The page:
I had visited India over a dozen times before I moved there in 2013 but that didn’t stop me from experiencing several culture-shocks. The first thing I learned is that it is one thing to visit a place and a complete different thing to actually live there, even if it is just for a few months. Continue reading “4 Culture-Shocks To Expect When You Move To India”→
If you’ve been to India, you probably ate in India, and your food was probably served in stainless steel plates at least once.
When I lived in India and went shopping for household goods, I encountered all kinds of kitchen items: plates, glasses, pots, serving plates, food containers, cooking utensils… and most of them were silvery grey. Metal was definitely predominant over plastic, ceramic and glass.
One of the first things you will notice when traveling to India is the spectacular patterns and colors of women clothing. Women’s types of clothing in this country vary widely depending on climate, local culture, and religion, as well as urban or rural settings. Continue reading “Different Types of Indian Women Clothing”→
I have been familiar with the Indian headshake or “wobble” for many years and so much that whenever I go to India, I actually start doing it. It is contagious and useful. I even keep doing it for a bit back in the Western world after returning from my travels in India.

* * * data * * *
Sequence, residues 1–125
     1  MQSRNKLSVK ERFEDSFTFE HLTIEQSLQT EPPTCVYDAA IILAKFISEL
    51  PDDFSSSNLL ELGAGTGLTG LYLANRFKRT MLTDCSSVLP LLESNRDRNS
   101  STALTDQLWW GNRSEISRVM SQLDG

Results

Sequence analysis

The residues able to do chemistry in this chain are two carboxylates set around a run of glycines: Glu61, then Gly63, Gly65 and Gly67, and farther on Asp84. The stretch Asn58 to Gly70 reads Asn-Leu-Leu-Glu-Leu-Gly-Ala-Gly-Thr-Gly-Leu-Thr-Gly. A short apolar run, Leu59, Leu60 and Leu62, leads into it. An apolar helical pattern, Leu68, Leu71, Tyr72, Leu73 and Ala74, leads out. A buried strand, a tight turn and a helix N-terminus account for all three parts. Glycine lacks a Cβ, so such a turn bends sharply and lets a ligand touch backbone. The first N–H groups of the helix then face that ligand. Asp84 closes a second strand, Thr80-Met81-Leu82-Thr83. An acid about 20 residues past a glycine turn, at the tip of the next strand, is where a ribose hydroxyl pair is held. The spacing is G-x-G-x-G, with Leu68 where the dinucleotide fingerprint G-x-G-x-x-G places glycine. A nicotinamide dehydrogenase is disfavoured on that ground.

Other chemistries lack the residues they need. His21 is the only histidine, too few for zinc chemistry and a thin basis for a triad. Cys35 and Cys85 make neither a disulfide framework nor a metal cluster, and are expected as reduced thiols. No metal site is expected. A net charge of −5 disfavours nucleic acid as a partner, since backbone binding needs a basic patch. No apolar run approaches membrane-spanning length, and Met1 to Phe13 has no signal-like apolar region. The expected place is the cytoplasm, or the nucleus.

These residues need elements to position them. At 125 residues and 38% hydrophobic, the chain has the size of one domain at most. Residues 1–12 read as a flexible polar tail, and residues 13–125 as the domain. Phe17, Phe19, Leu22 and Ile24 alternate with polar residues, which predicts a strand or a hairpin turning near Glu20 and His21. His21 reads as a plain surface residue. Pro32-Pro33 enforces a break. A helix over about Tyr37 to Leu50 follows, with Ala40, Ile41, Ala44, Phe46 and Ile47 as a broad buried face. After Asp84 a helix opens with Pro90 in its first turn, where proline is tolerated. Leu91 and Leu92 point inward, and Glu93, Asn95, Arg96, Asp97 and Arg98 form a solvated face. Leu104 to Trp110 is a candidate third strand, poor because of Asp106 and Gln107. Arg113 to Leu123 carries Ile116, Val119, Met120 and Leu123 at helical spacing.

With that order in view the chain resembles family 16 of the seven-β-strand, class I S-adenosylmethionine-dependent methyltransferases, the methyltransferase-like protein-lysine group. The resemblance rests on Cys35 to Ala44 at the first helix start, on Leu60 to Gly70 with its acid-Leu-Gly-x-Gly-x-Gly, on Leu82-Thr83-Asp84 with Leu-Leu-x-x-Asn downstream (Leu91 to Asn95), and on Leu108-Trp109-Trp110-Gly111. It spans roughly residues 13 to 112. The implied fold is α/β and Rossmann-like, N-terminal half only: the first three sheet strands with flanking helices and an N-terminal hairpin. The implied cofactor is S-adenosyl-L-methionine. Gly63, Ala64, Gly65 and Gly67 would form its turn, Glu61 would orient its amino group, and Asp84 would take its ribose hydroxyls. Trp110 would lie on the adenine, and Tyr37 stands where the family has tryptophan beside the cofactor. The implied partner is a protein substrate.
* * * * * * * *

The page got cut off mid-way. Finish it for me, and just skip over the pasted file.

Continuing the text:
For those not familiar with it, it might even be a bit hard to do the headshake naturally. I have a friend who was trying and he just looked awkward and silly.
I think that the headshake is a big characteristic of the Indian culture and communication, though some say that it is more common in the South of India than in the North.
“The film presents an array of headshakes and shows how subtle variations in velocity, vigour and amplitude of wobble denote different meanings, including: “yes”, “no”, “maybe”, “what’s up?” and “carry on”. Mathew admits that his headshakes have been somewhat exaggerated for comic effect, but maintains that it’s a true picture of a national trait. ” (BBC)
If you are like me, the first thing that comes to mind when you hear “home security” is a system that involves technology to keep your home safe with security alarms, motion sensitive lighting, hidden cameras, etc.
In India, at least in the part of India where our house is, home security means hiring a guard to come walk around your home banging his wooden stick on the wall as he sings or prays (couldn’t tell which) until late night hours. Continue reading “Home Security In Rural India”→
Mostly people relate the swastika symbol to the Nazis. But if you see this symbol in India, it doesn’t mean they are Nazis or anything like it. In fact the swastika in India is a symbol of auspiciousness and it was used even before the Nazis.